But there are still far too many serious pollution incidents which damage the local environment, threaten wildlife and, in the worst cases, put the public at risk.
I would like to see fines made proportionate to the turnover of the company and for the courts to apply these penalties consistently. Anything less is no deterrent.
Minister Coffey visit to Paris
Environment Minister Thérèse Coffey visited Paris yesterday to meet Brune Poirson, Minister for the Ecological and Inclusive Transition, to discuss all things environment including biodiversity, plastic in the oceans and ivory.
Minister Coffey also met with French company Citeo to learn more about the French system to reduce packing waste and increase recycling. Citeo is a collective of producer organisations working together to reduce packing from waste, including through improving packaging design. Members include Coca-Cola, Kronenburg, and French supermarkets.
Speaking about her visit to Citeo Environment Minister Thérèse Coffey said:
We are working with industry looking at ways to improve recycling rates, including how we can better incentivise producers to manage resources more efficiently. The producer responsibility regime for packaging waste here in the UK has significantly improved recycling rates to 60% in 2015, which we want to see go higher.
That is why we are keen to understand how other countries do things. I have been impressed by the measures to reduce packaging waste in France. We support the idea of making producers take more responsibility for reducing waste. I look forward to setting out more detail on how we will do this through our Resources and Waste Strategy later this year.
Electric dog training collars
There is coverage in this morning’s Sun of the Dogs Trust’s call on government to ban electric dog training collars.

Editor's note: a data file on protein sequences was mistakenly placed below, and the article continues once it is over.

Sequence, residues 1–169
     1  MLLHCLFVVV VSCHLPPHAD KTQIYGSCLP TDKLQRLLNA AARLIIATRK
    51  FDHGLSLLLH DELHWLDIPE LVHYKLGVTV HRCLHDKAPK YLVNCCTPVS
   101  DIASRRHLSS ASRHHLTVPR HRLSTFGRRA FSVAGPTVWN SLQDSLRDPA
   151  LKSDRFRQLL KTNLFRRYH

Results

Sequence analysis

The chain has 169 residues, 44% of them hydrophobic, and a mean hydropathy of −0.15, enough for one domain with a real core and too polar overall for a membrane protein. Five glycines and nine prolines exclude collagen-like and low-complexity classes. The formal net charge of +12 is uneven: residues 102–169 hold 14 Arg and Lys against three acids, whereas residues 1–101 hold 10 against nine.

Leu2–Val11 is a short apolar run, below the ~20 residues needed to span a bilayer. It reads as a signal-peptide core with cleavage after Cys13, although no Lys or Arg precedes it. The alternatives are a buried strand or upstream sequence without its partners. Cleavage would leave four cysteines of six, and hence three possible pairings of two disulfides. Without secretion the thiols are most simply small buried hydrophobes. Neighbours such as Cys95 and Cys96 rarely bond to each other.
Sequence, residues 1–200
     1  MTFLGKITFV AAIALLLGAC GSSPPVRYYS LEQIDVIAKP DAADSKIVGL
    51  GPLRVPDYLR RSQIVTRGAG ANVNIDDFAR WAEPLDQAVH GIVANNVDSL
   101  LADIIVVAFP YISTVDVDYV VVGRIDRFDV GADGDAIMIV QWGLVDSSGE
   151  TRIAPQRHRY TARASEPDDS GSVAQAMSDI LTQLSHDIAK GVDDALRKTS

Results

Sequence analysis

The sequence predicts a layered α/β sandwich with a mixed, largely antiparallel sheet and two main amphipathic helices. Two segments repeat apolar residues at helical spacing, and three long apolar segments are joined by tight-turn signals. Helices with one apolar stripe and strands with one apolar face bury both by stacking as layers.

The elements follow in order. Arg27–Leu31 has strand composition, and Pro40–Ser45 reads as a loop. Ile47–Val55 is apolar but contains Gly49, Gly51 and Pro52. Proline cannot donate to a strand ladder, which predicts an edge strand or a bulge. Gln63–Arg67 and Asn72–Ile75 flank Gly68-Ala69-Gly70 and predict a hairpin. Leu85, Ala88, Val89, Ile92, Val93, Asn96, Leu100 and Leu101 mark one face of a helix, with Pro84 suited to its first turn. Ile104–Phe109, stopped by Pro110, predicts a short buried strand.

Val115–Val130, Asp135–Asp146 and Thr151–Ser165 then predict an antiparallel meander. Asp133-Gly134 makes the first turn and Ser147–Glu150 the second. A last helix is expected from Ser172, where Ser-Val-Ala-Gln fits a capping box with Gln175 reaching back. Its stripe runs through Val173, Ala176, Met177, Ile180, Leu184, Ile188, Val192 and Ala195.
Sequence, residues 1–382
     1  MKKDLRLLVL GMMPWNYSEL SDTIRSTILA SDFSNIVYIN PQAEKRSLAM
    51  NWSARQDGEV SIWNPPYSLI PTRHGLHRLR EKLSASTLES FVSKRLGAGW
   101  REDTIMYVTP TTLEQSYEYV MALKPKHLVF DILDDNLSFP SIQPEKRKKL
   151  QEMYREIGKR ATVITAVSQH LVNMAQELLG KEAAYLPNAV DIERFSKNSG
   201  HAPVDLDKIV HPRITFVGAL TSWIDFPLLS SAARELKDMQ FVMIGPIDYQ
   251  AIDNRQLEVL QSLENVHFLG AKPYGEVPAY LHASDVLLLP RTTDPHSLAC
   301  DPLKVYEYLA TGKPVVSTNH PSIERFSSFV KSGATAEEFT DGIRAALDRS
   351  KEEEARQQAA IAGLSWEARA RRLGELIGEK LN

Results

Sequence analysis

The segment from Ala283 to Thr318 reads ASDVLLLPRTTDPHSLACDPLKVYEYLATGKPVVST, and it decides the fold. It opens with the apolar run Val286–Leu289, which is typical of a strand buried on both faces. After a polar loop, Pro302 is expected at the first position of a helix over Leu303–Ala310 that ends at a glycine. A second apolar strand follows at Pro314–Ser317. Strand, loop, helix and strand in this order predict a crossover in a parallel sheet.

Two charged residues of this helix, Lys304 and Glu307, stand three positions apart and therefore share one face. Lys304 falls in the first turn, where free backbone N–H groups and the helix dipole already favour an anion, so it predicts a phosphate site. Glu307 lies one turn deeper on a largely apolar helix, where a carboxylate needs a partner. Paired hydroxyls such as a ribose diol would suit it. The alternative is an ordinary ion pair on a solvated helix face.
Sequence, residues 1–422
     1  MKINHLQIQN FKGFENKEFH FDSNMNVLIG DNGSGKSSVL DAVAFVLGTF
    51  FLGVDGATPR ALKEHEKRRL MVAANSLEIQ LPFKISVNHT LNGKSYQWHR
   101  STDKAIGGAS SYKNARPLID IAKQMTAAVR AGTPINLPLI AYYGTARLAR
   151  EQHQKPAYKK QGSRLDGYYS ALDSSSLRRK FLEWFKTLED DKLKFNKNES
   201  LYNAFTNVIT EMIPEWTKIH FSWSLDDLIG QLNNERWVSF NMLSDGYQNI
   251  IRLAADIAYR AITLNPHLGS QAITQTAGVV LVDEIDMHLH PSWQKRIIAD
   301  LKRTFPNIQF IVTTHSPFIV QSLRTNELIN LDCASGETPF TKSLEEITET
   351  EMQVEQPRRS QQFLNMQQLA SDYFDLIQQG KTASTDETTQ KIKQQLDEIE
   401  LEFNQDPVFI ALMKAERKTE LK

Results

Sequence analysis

The Secretary of State will shortly be meeting Ross Thomson MP who has campaigned against the use of shock collars passionately and with energy. Michael Gove is looking forward to hearing more from Ross, and members of the Dogs Trust, about this issue as he wants to do all he can to improve the welfare of animals.
The government believes dogs should be trained using reward based techniques including using toys, food and praise, as set out in the new welfare codes for dogs published last year.
Defra use of bottled water
The Mirror carries coverage of Defra’s catering provider’s spend on bottled water. There is criticism from Tim Farron MP that £15,581.57 was spent on bottled water by the department’s catering provider between October 2014 and September 2017.
The figures were revealed by Environment Minister Thérèse Coffey in response to a parliamentary question.
Since 2014, the amount of money spent on purchasing water bottles by Defra’s catering provider has fallen by over a third, Defra as a department does not purchase any plastic water bottles.
The current catering contract expires this summer. The tender for the new contract stipulates that the supplier must not use plastic bottles and single use plastics. Re-usable glasses are now supplied.